Sunday, May 22, 2011

Arab Spring. Georgian Summer?

I was a bit surprised to get a warning text from the US Embassy on Friday evening. The last (and only) time I received a text from the embassy was when Osama Bin Laden had been killed. So needless to say I was more than a little intrigued by what it could be about. I was out with some people when we all got the message warning about a "planned demonstration" taking place in Tbilisi on Saturday. Saturday came and went (although the Rapture did not). I had completely forgotten about the demonstrations and I hadn't hear anything about them from facebook or my host family (my two primary sources of Georgian news). But then this evening I remembered about them. Apparently the protesters beat up a car. Here's the video from Reuters:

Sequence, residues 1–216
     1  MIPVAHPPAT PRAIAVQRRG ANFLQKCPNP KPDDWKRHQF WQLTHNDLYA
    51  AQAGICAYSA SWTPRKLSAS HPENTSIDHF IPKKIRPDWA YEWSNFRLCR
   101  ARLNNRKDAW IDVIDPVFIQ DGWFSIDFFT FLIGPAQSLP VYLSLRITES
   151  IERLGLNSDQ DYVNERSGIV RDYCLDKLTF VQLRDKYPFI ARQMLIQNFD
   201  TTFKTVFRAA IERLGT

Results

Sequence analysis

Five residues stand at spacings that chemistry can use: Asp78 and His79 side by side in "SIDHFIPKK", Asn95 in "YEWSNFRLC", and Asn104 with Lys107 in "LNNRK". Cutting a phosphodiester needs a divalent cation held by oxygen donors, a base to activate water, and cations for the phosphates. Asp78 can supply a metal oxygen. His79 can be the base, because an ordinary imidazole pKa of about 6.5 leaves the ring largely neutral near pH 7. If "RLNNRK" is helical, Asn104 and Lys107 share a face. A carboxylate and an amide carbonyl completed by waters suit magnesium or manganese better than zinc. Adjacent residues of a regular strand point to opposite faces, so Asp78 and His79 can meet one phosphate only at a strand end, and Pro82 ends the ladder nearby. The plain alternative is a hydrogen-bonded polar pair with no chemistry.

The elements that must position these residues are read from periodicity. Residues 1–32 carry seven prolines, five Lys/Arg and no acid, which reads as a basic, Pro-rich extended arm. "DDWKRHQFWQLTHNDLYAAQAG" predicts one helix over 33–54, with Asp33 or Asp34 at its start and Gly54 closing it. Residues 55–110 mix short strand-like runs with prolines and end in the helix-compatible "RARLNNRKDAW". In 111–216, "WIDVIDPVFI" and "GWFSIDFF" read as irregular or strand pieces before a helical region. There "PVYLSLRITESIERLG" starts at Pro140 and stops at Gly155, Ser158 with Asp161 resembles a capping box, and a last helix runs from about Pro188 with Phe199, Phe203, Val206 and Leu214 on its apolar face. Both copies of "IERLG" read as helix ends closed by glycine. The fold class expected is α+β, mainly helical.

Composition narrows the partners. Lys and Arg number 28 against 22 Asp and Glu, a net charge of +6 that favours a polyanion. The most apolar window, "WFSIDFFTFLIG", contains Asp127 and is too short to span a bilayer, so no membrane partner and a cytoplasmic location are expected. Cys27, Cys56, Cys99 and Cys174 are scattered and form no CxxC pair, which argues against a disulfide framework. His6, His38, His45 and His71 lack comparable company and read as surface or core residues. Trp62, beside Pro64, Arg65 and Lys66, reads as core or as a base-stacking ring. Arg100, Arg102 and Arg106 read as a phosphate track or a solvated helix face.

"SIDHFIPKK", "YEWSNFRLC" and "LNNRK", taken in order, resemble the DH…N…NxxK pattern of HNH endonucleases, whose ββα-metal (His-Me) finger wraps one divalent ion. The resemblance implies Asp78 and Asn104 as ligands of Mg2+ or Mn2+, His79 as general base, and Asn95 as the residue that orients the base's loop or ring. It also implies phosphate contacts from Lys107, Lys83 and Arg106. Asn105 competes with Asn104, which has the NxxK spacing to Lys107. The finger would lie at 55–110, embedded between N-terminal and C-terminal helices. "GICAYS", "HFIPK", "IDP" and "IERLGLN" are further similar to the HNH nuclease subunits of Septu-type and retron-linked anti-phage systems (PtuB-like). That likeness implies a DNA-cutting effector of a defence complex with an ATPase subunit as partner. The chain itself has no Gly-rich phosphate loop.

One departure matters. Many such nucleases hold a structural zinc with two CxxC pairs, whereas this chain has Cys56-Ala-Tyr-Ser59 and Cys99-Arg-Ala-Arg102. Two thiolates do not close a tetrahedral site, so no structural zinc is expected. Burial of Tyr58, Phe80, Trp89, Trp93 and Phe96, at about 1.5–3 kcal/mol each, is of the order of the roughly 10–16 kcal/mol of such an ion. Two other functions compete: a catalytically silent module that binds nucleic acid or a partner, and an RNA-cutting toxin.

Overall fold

I have to wonder, who are these protesters and what do they want? Unfortunately I'm limited to English reports, but this well is thankfully not entirely dry. These "opposition" protesters are in opposition to the current Saakashvili administration (and my boss, to some extent). Their leader is Nino Burjanadze; she is the ex-President of the Georgian Parliament. She went to Tbilisi State University for undergrad and received her doctorate in International Law at Moscow Lomonosov State University. According to a recent television ad, or perhaps it was a very obviously biased news program (honestly I couldn't tell, it was too long to be simply a political ad, but too sinister to be a news segment. It was very strange), she is corrupt and in league with the Russians. I asked my host cousin what it was about, but only got this very vague description, so my apologies on that. But the frightening thing about what I saw of her on this television ad was the horror movie music and the cross-hairs that they put on her while showing her picture. From what I could tell the ad was not endorsed by anyone specific, but the message was clear: This woman is evil and bad for Georgia.